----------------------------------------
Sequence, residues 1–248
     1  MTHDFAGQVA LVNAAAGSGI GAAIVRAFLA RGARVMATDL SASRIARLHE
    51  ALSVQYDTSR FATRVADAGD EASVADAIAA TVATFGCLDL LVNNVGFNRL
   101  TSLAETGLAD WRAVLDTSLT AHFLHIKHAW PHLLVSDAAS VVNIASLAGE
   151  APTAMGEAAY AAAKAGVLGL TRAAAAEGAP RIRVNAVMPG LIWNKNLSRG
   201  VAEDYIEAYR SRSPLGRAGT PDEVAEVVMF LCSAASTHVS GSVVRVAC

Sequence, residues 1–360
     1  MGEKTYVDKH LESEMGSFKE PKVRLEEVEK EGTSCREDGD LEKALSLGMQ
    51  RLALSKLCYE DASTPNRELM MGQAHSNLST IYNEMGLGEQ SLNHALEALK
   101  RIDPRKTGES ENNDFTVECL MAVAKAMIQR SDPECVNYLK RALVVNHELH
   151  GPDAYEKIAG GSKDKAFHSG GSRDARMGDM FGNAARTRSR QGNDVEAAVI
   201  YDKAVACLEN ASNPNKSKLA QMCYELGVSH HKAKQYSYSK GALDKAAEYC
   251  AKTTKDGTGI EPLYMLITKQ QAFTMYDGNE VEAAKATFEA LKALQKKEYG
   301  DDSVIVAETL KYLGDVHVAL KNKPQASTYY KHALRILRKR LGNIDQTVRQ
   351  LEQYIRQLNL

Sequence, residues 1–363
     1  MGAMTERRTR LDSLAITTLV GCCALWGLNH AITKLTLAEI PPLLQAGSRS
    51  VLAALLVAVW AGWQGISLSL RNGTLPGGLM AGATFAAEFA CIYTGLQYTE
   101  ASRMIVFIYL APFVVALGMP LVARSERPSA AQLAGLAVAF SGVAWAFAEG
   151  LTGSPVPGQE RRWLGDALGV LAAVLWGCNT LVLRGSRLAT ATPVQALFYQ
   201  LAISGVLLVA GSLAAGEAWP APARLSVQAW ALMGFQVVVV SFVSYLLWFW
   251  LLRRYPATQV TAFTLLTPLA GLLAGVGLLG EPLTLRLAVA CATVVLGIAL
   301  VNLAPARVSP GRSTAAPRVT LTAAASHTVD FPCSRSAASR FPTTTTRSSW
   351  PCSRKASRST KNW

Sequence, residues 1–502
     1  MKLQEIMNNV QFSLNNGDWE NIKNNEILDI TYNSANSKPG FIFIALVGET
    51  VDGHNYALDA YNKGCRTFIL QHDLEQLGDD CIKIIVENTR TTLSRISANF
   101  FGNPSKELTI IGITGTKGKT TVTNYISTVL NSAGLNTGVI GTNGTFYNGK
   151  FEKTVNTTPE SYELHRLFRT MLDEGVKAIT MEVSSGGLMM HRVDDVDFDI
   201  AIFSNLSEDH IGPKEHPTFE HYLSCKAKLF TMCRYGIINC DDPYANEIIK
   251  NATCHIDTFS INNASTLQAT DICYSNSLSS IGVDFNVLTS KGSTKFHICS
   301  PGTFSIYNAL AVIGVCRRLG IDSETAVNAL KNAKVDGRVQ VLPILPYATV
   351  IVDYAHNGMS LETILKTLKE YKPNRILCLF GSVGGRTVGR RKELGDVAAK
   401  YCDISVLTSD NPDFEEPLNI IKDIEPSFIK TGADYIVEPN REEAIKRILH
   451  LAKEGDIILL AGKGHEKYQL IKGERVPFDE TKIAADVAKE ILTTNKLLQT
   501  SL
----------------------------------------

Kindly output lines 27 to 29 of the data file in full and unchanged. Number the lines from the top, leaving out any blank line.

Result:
    51  VDGHNYALDA YNKGCRTFIL QHDLEQLGDD CIKIIVENTR TTLSRISANF
   101  FGNPSKELTI IGITGTKGKT TVTNYISTVL NSAGLNTGVI GTNGTFYNGK
   151  FEKTVNTTPE SYELHRLFRT MLDEGVKAIT MEVSSGGLMM HRVDDVDFDI